BACKGROUND: Urinary and fecal incontinence in females are both common and distressing conditions. Because common pathophysiologic mechanisms have been described, an association between the two would be expected. The aim of this study was to determine whether patients with lower urinary tract dysfunction have concomitant fecal incontinence when compared with age and gender matched community controls and, second, to determine whether they have predisposing factors that have led to lower urinary tract symptoms and concomitant fecal incontinence. METHODS: A case-control study was performed by means of detailed questionnaire and review of investigation results. One thousand consecutive females presenting for urodynamic investigation of lower urinary tract dysfunction, were compared with 148 age and gender matched community controls. RESULTS: Frequent fecal incontinence was significantly more prevalent among all cases than among community controls (5 vs. 0.72 percent, P = 0.023). Occasional fecal incontinence was also more prevalent (24.6 vs. 8.4 percent, P < 0.001). Fecal incontinence was not significantly more prevalent among females with genuine stress incontinence (5.1 percent) when compared with females with detrusor instability (3.8 percent) or any other urodynamic diagnosis. Symptoms of fecal urgency and fecal urge incontinence were significantly more prevalent among those with a urodynamic diagnosis of detrusor instability or sensory urgency than among females with other urodynamic diagnoses or community controls. Multivariate analysis comparing cases with fecal incontinence with other cases and also with community controls did not indicate that individual obstetric factors contributed significantly to the occurrence of fecal incontinence in these patients. CONCLUSIONS: There is an association between genuine stress incontinence, lower urinary tract dysfunction, and symptoms of fecal incontinence, but the exact mechanism of injury related to childbirth trauma is questioned.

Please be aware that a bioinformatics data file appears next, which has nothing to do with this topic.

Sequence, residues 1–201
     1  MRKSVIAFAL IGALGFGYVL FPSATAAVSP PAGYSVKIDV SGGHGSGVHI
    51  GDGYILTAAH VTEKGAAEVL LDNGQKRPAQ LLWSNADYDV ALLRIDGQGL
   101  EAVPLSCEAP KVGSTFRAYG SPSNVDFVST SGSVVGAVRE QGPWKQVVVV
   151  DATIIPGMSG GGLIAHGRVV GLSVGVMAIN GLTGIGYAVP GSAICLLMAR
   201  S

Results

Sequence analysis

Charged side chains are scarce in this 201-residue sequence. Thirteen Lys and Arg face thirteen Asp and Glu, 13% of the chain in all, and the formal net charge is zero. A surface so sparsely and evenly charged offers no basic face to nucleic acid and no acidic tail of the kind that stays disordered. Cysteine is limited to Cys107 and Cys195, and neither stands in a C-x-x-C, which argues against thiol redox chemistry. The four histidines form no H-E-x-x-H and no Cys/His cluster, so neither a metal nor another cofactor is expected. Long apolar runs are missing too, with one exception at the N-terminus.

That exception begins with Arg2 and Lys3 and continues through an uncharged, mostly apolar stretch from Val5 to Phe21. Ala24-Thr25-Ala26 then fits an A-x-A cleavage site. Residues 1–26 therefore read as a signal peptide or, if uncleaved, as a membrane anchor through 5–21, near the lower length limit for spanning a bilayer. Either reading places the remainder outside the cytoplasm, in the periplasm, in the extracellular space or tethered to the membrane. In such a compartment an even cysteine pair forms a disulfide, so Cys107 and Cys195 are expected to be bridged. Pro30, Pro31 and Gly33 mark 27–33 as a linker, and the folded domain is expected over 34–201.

|Number of pages||9|
|Journal||Diseases of the Colon and Rectum|
|Publication status||Published - 2001|
- Fecal incontinence
- Urinary incontinence